Harmon Killebrew passed away yesterday after a battle with cancer. The man known as Killer finished his career with 573 home runs, managing to hold his own against contemporary sluggers such as Willie Mays and Mickey Mantle.
I always knew Killebrew as a great home run hitter. But when I looked closer at his numbers I was surprised by a number of things.
First, Killebrew had a very low career batting average (.256) and struck out over 20% of the time. Despite that, he managed a career .376 on-base percentage, thanks largely to a 15.9% walk rate.
Second, Killebrew had an incredibly low batting average on balls in play (BABIP) during his career (.252). He ranks third all-time in on-base percentage for hitters with <=.260 BABIP, ranking behind Roy Thomas and Mark McGwire. If you restrict the list to those hitters with >=20% strikeout rates he moves into second place.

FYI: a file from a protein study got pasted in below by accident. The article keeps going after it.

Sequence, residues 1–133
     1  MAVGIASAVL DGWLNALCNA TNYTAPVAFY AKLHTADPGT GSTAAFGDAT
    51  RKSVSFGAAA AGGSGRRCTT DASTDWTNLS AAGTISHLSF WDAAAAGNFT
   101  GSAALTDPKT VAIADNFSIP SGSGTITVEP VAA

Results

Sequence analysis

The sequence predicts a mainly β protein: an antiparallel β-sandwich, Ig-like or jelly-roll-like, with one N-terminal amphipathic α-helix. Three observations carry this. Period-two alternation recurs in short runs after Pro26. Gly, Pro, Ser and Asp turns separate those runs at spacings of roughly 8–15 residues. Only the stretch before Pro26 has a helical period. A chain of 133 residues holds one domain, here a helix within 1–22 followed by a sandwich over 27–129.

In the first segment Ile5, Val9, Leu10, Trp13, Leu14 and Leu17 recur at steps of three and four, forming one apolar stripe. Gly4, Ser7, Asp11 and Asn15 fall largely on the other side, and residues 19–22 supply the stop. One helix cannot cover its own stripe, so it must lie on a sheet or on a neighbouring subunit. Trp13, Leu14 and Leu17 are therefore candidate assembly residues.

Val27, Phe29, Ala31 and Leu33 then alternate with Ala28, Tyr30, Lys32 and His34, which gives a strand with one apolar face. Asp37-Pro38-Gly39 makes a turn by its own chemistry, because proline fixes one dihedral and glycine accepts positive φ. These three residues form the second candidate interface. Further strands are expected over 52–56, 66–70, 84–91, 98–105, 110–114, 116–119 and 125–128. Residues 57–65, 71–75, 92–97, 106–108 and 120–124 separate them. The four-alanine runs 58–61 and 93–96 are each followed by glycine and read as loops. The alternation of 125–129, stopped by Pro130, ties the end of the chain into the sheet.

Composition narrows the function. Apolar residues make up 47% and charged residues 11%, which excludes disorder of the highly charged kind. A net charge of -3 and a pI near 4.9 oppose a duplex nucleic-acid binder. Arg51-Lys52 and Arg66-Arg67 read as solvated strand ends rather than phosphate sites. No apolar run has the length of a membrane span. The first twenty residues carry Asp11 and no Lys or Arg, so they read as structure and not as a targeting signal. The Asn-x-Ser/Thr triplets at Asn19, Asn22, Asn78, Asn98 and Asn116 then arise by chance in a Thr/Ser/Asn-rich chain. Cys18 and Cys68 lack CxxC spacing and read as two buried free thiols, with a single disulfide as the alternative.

Third, Killebrew also ranks second in wOBA for hitters with such a low BABIP (.389). Again, only McGwire (.415 wOBA, .255 BABIP) ranks higher.
What's really interesting is what hitters Killebrew stacks up with historically when you filter for the unique blend of statistics that defined his career.
Only three hitters have ever earned wOBA's over .380 for their careers while hitting less than .260 on balls in play: Killebrew, McGwire, and Hank Sauer.
If we look at hitters with >=15% walk rates, >=20% strikeout rates, and wOBA's greater than .380 we get a very short list: Mickey Mantle, McGwire, Jim Thome, Lance Berkman, Jason Giambi, Mike Schmidt, Killebrew, and Adam Dunn. Interesting how many modern players show up on that list.
Add in a career batting average <=.260, and you are left with Killebrew and Dunn:
Killebrew: 15.9% BB%, 20.9% K%, .256 AVE, .376 OBP, .509 SLG, .254 BABIP, .389 wOBA
Dunn: 16.3% BB%, 32.9% K%, .249 AVE, .379 OBP, .518 SLG, .296 BABIP, .382 wOBA
Amazing how similar their numbers look.
One gets the feeling that Killebrew would have fit right in with the modern game--providing great value by getting on-base at a high rate and slugging the ball when he manages to make contact.
Rest in peace, Killer.